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This photo shows a group only feet away from two cubs while their mother fishes nearby

(read more about this mother in the Athena story)

 

   Genetically the inland grizzly bear and the coastal grizzly bear are the exact same species. However, there are many differences in their diet and this has a profound effect on their behavior.  Food, especially meat, is scarce for inland grizzlies and nearly 95% of their diet is of the plant form.  Coastal grizzlies on the other hand have access to highly nutritious salmon, clams, and sedge grass.  This difference in diet has several effects.  Coastal grizzlies tend to be much larger than inland grizzlies.  Secondly, inland grizzlies tend to have larger "personal spaces" than do coastal grizzlies because food is more scarce and therefore they require a larger area to roam for food sources. Third, all of the highly nutritious foods on the coast (salmon, clams, sedge, etc) require the bears to congregate and feed together.  Unlike coastal bears, inland grizzlies almost never congregate in large numbers.  By feeding in close proximity to large numbers of other bears on a regular basis, coastal grizzlies have developed more social skills.

    Bears, grizzlies in particular, have been so demonized by our culture it's really difficult to tell what is myth and what is truth.  Grizzly bears can be some of the safest animals in the world for humans to be around but unfortunately that doesn't go both ways.  Humans have never given grizzlies a chance and long ago we declared them vermin to be exterminated from the planet.  These pioneer perceptions of grizzly bears were passed on to new generations through exaggerated stories and lore (be sure and read Do grizzly bears eat people? which discusses false perceptions of animals) so that now everyone in the general public is under the false perception that grizzlies are mankillers.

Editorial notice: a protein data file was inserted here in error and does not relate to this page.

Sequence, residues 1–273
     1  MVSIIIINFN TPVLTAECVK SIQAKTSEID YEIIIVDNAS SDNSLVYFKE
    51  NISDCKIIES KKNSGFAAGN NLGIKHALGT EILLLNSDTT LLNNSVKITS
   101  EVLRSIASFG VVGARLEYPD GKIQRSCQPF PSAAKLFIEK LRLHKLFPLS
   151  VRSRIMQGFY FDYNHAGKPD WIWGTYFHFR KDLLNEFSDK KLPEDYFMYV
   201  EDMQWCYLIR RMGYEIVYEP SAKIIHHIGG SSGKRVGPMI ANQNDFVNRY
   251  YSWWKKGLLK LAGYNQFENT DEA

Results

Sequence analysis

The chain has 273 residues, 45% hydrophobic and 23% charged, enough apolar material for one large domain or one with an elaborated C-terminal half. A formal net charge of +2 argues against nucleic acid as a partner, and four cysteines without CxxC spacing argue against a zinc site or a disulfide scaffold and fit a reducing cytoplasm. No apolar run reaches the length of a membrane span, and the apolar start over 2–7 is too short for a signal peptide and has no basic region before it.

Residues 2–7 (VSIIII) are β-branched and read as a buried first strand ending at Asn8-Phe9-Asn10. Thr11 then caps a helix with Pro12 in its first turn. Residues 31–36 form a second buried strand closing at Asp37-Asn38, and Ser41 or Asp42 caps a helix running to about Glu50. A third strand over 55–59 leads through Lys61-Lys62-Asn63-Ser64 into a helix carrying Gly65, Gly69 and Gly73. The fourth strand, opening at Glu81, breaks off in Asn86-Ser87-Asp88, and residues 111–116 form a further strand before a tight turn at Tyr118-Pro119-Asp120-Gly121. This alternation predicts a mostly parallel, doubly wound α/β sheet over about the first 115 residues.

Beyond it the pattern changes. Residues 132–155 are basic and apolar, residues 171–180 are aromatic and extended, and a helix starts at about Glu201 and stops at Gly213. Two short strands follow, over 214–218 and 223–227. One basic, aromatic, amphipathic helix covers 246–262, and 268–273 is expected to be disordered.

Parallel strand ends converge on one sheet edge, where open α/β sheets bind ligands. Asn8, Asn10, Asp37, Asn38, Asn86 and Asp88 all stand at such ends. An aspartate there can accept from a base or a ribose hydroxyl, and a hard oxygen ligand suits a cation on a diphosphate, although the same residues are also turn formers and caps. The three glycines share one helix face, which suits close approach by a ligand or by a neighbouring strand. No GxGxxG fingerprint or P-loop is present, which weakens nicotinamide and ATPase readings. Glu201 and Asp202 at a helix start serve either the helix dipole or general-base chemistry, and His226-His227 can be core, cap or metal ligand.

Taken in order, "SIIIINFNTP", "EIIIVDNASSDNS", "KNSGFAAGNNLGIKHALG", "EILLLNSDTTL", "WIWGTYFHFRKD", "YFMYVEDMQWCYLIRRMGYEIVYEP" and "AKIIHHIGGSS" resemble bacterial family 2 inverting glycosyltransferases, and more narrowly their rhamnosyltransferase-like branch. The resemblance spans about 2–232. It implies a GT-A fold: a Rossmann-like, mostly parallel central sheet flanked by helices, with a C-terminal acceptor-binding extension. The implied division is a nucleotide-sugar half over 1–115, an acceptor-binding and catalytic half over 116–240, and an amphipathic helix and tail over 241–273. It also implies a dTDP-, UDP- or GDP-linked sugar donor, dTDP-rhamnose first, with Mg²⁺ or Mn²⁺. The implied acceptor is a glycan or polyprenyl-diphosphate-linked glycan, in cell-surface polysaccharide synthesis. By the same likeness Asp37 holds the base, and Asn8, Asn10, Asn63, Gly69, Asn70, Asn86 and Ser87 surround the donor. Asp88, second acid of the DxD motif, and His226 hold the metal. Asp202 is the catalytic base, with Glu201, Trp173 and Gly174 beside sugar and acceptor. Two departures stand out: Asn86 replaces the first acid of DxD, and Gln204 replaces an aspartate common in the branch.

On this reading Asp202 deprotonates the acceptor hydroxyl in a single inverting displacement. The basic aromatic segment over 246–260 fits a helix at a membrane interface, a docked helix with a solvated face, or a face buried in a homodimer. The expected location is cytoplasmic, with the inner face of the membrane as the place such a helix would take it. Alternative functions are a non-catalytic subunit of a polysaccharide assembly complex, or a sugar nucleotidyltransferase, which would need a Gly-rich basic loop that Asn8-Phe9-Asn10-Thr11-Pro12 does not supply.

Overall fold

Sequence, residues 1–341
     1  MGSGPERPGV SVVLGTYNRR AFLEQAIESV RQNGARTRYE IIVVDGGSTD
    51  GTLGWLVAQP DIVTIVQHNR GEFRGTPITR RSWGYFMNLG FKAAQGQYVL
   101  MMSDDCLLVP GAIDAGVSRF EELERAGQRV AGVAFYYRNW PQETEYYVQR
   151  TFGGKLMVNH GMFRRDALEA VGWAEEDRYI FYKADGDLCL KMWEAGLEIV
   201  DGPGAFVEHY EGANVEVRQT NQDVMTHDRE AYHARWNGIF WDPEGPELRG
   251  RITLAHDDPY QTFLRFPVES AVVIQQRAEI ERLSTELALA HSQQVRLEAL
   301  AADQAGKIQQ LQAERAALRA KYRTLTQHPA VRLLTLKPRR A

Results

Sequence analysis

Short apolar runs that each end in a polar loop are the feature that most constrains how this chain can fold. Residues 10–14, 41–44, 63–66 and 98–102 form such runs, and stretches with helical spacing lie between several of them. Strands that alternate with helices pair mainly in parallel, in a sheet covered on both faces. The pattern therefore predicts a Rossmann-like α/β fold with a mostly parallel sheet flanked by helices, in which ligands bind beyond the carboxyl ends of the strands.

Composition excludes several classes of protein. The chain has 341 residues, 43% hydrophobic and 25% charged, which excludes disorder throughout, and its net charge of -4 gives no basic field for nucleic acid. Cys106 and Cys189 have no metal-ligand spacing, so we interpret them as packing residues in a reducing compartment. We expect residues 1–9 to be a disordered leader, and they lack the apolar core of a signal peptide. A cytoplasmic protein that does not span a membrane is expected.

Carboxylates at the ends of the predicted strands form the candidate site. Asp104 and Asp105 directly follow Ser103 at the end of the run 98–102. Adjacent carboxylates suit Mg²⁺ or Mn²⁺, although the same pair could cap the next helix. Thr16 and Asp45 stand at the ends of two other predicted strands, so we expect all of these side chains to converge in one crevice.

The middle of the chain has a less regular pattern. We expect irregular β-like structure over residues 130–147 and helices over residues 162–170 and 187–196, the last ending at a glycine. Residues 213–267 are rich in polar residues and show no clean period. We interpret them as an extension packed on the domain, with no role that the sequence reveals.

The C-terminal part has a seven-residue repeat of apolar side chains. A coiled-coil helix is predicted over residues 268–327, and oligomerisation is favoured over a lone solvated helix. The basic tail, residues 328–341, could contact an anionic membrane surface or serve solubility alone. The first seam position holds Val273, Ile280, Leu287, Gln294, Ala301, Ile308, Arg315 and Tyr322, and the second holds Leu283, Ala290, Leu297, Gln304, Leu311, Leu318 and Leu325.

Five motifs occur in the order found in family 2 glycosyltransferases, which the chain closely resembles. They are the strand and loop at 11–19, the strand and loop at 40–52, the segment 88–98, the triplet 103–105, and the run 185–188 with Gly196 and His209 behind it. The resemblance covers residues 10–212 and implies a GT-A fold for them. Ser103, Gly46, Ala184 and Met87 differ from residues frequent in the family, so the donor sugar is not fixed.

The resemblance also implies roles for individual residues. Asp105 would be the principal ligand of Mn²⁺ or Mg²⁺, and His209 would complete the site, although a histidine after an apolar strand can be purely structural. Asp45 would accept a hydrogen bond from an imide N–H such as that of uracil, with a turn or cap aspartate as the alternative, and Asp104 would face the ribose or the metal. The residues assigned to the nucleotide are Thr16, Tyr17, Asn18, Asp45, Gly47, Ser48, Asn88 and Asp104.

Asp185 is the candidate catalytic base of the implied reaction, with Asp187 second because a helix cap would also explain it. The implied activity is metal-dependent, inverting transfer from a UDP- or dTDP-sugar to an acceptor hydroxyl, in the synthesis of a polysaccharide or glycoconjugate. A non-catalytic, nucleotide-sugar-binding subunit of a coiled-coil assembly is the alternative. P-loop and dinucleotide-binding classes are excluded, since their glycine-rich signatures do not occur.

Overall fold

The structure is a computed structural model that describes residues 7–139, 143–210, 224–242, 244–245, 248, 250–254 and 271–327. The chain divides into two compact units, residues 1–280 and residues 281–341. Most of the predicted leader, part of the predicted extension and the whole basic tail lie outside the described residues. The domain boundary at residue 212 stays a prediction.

Let me be clear that we are not advocating that people can just safely walk up to a bear or camp around them without proper training and equipment.  That would be unsafe and violates park rules.  The park service has strict rules about being no closer than 50 yards from single bears and 100 yards from females with cubs. This is a very good rule and the most important thing about bear viewing is not disturbing the bears in any way.  That's why we never approach bears closer than the park service rules.  Not disturbing the bears and being safe are our primary priorities when camping in Katmai.  Although bears are in general very safe they of course do have the potential, however remote, for aggression.  That's why we take every safety precaution possible (electric fence, handheld flares, bear-proof food containers, communication devices).

    Peaceful coexistence between humans and grizzlies is indeed possible, if only we give them a chance. People claim all the time that grizzly bears are unpredictable and that is simply not the truth.  They are very predictable if you take the time to understand them.  In many areas in Alaska (including the Katmai Preserve) humans are friendly towards bears during the summer bear viewing season and then hunt them in the fall during hunting season. I think its pretty obvious who is unpredictable.  Humans and bears can peacefully coexist if we can only get past the false stereotype that bears are scary, relentless, unpredictable, mankillers and instead see the true grizzly bear.  That is the goal of this website.  For more on peaceful coexistence with grizzlies be sure and read Charlie Russell's book Grizzly Heart which is about his groundbreaking work with grizzlies in remote Kamchatka, Russia.